Plot Summary: A couple of 14 year old boys find a boat stuck in a tree on a nearby island. They find a man living there and decide to help him both reunite with his girlfriend and make his escape from the law.
Director: Jeff Nichols
Key Cast: Matthew McConaughey, Reese Witherspoon, Michael Shannon, Tye Sheridan, Jacob Lofland.
Five Point Summary:
1. The Deep South looks awesome.
2. How many times do they have to drop the S-bomb?
3. Living on a river has it’s good and bad points.
4. Has everybody suffered from bad relationships in the past or something?
5. Revenge is a dish best served cold.
Mud is a film all about relationships. It’s chock full of them. New ones, old ones, those that bond families together, the works. Most of these revolve around Ellis, a fourteen year old boy living on the river with his parents. They’re all going through a tough time, as Mum wants to move into the town and Dad wants to stay on the river. Ellis’ best friend is Neckbone, a boy around the same age as Ellis who lives with his uncle, played by Michael Shannon.
The story sees Neckbone taking Ellis to an island where there is a boat randomly stuck in a tree. There they meet Mud, a man with no name and nothing he can rely on other than a gun and the shirt on his back. Again, this hints at Biblical subtext with the boat being a scaled down version of Noah’s Ark which, once repaired, will help him escape from the tides that are threatening to sweep him away. It’s a new beginning.
From this point, the boys help Mud repair the boat, acquiring parts and supplies to make the boat seaworthy and, more importantly, get it down from the tree. This is interspersed with Ellis’ first steps into the world of dating and dealing with women, where his standard response is to punch other guys in the face. Without wanting to give too much away, his ‘girlfriend’ May Pearl reinforces the opinion, set into Ellis by his father, that women will only let him down.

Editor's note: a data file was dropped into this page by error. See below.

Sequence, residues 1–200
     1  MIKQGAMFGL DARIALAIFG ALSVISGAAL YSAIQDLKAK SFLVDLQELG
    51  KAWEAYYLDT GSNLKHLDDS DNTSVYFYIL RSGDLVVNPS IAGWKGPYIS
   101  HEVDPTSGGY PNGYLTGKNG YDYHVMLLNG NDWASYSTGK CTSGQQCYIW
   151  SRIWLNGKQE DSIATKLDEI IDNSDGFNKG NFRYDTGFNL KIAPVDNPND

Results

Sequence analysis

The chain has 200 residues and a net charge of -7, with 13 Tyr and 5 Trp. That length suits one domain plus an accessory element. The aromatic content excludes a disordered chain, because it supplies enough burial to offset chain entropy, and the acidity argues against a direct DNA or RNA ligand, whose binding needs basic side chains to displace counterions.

It’s a rare thing when child actors don’t irritate me, so that’s one of many things that director Jeff Nichols got right. The performances from Tye Sheridan and Jacob Lofland are spot on, with both inhabiting the roles almost perfectly. Neckbone, no doubt due to his upbringing, drops S-bombs with reckless abandon, yet you feel that all of his bolshiness is just a front covering for the fact he’s had a somewhat dysfunctional upbringing. It’s no help to him that his uncle is dysfunctional himself, fishing for oysters, living in a trailer, and offending women with his bedroom interests.
Ellis is no better; whilst he’s grown up with his parents, their growing disparity has left him with a somewhat twisted world view – he’s told on multiple occasions by different characters that women are snakes, that they will twist your words and your own self to the point that you don’t recognise who you are. Throw in a literal pool of snakes and we’re talking an obvious Biblical metaphor/simile, which is no surprise given the American Deep South setting.
McConaughy is similarly excellent as the titular Mud, whose relationship with the boys, with his love interest Juniper, and with ex-sharpshooter now river living old grump Tom, remains vague until the final third. He’s an enigma until then, described as a compulsive liar and living in his own world. He’s the very definition of grey.
Juniper, played ably by Reese Witherspoon, is another shade of grey, with our perception of her coloured by Mud’s loved-up appraisal of her and the counter-argument of old Tom who, rather handily, calls her a snake. But then he also says Mud is a compulsive liar, so is he really the best person to listen to? Tom may be Mud’s father, or he may not, but he fills the father figure role for him perfectly. Pay attention to his backstory, as that will come into play before the credits roll at the end.
There’s a lot more that’s bubbling under the surface, but to go into any greater detail would spoil your enjoyment of the film. Suffice to say, Mud’s in a fair bit of trouble with the authorities and a snake-like guy who’s trying to hunt him down. The movie’s final act is combustive, but not a “Hollywood” ending. I would go so far as to argue that the finale and where the characters end up is indicative of how real life actually is. Thankfully the script stayed true to its routes and we’re left with a thoroughly fantastic film.
That was quite a serious review, wasn’t it? I’ll try and include some funnies next time. Badgers.
Favourite scene: Mud saving Ellis after he’s bitten by a snake.
Quote: “This river brings a lot of trash down, you gotta know what’s worth keeping and what’s worth letting go.”
Silly Moment: Not silly per se, but when Ellis and Neckbone first visit Neckbone’s uncle, Galen, the implications of what Galen wanted to do with the girl who storms out are most amusing.